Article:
Why I Don't Do "My Year In Review" Posts for New Years
It seems like, without fail, the end of the year is always accompanied by an onslaught of posts on social media summarizing the last 365 days of everyone's lives. And with this New Years marking the end of a decade, the posts have extended beyond just the year to include the last 10 years as well.
This year I told myself that I wouldn't look through everyone's posts with their carefully-curated photos and memories of the past year. But as I sat on my coach, bored and looking for something mindless to fill my time, I found myself scrolling through countless "My Year in Review" posts. And the longer I scrolled, the worse I felt. Because while the goal of social media (in theory) is to connect people, often it does just the opposite.
As someone who has trouble with social comparison, scrolling through another's highlight reel of the past year doesn't make me feel closer to the person, it often makes me wonder why I didn't do as many "cool" and "meaningful" things with my year. And this makes total sense. It's easy to feel like your year was boring in comparison to someone else's when you have all the details of the ups and downs of your own but only see the biggest highlights of another's.
Life is so much more complex than social media allows it to appear. There are not enough characters in a tweet or room in the comments to fully explain what is going on in someone's life at any given moment, so instead of the whole truth, we get a fraction of it. Social media allows people to carefully curate what aspects of their lives are on display, and often this means hiding the uncomfortable moments, the failures, the sadness, or whatever it may be.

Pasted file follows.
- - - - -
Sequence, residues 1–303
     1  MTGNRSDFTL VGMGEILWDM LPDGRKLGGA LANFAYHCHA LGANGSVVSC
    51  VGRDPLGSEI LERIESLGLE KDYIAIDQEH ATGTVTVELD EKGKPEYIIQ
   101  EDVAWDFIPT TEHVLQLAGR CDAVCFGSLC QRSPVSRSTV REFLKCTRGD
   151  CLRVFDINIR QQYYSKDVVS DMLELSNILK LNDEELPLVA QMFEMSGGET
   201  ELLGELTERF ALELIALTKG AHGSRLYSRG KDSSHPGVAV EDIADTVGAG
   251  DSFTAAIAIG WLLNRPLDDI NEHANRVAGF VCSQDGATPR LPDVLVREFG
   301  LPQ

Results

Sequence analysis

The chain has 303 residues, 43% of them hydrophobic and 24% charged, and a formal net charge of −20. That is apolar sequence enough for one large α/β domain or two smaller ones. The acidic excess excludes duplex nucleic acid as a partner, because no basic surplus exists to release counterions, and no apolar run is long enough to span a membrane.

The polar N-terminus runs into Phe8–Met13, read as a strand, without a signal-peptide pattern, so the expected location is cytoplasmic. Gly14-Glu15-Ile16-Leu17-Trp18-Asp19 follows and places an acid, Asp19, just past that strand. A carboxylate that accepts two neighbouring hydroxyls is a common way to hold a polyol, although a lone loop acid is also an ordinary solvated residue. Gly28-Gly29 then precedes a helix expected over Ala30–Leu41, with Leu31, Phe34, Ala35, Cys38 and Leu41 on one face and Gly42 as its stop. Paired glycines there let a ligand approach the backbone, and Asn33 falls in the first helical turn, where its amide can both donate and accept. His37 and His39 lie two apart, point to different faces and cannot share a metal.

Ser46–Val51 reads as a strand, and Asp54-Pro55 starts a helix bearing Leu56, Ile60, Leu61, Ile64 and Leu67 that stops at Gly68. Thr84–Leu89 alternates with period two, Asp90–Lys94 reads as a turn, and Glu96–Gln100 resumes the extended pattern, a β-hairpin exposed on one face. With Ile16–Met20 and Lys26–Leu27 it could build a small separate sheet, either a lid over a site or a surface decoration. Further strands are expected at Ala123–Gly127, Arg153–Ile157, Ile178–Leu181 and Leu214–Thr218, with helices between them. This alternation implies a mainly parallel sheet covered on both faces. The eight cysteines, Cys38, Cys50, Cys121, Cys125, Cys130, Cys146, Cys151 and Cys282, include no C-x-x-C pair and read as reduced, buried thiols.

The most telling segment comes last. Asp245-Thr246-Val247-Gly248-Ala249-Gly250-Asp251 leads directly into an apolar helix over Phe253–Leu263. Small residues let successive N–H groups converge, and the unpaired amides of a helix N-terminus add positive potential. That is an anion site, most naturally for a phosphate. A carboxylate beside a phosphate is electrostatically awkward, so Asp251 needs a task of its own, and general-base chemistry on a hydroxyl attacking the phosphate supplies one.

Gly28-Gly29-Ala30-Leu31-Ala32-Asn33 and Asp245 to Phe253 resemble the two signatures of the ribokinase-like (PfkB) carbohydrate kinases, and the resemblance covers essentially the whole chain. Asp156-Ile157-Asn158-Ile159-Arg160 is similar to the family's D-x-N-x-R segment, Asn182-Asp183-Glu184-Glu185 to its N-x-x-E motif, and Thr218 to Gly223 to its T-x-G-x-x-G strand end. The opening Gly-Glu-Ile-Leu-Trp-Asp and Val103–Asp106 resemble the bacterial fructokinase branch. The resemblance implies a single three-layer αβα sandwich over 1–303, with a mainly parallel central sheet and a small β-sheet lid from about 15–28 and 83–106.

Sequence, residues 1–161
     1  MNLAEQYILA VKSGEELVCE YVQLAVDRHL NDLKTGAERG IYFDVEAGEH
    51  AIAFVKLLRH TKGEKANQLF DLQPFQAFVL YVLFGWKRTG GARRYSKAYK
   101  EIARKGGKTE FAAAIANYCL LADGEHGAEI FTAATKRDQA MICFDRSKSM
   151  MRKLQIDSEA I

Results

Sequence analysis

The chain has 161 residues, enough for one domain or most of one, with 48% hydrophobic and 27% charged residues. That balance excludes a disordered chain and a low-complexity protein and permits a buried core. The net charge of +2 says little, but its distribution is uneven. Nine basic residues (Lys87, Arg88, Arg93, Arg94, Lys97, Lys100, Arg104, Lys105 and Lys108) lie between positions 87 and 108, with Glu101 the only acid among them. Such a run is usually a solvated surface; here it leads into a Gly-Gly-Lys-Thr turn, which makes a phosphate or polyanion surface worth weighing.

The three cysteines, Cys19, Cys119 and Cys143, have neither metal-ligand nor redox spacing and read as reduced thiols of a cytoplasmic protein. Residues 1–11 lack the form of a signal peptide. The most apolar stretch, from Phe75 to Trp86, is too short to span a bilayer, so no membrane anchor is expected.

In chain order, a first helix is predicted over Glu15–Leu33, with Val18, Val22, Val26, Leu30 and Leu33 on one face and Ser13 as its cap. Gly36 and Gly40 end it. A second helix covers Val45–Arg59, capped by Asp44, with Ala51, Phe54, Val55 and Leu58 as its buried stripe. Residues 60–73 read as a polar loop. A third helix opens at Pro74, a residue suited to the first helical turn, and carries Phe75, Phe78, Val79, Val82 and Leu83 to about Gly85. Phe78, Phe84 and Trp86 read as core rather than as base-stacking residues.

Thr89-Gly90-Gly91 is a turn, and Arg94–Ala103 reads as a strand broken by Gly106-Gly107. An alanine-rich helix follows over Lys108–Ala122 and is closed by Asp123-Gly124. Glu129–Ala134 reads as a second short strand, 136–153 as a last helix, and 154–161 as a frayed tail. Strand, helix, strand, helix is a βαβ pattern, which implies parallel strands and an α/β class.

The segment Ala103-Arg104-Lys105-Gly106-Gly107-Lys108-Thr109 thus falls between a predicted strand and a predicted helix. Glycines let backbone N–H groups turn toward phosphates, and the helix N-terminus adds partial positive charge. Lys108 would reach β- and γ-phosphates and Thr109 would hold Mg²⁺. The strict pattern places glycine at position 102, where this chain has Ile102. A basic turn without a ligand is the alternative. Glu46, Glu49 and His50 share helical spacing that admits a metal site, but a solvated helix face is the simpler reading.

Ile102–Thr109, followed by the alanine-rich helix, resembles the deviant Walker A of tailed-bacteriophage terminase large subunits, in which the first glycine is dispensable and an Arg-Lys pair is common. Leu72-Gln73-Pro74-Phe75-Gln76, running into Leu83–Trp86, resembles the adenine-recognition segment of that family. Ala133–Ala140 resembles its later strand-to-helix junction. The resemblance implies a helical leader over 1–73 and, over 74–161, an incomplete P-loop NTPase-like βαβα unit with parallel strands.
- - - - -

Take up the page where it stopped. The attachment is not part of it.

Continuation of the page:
And "My Year in Review" posts are the biggest culprits of this reality.
So, I choose not to participate in this annual social media tradition. It's impossible to include everything important that happened in the year in a single post. I don't want people to get the wrong idea about my life -- it isn't all sunshine and rainbows with a disclaimer of "there were definitely challenges and struggles this year, but . . .". I try to be as authentic as possible in all areas of my life, but it can be hard with social media. As humans, we want to be liked and validated, so posting more than just your highlight reel can be scary.
Learning to validate my own experiences without the outside help of Likes and Retweets is an ongoing practice in my life. I've found that the more I can find the approval inside of myself, the happier I am. And resisting the urge to join the crowd and post highlights about my past year (or 10 for that matter), is one more way I can practice this self-validation.
And if someone in my life would like to hear about my past year, I'd be happy to tell them -- in person, over coffee or a meal, with a solid chunk of time dedicated to the conversation. Because if you really want to know about how I've been, the truth includes more than just the highlights. It includes the tough times and the average times as well.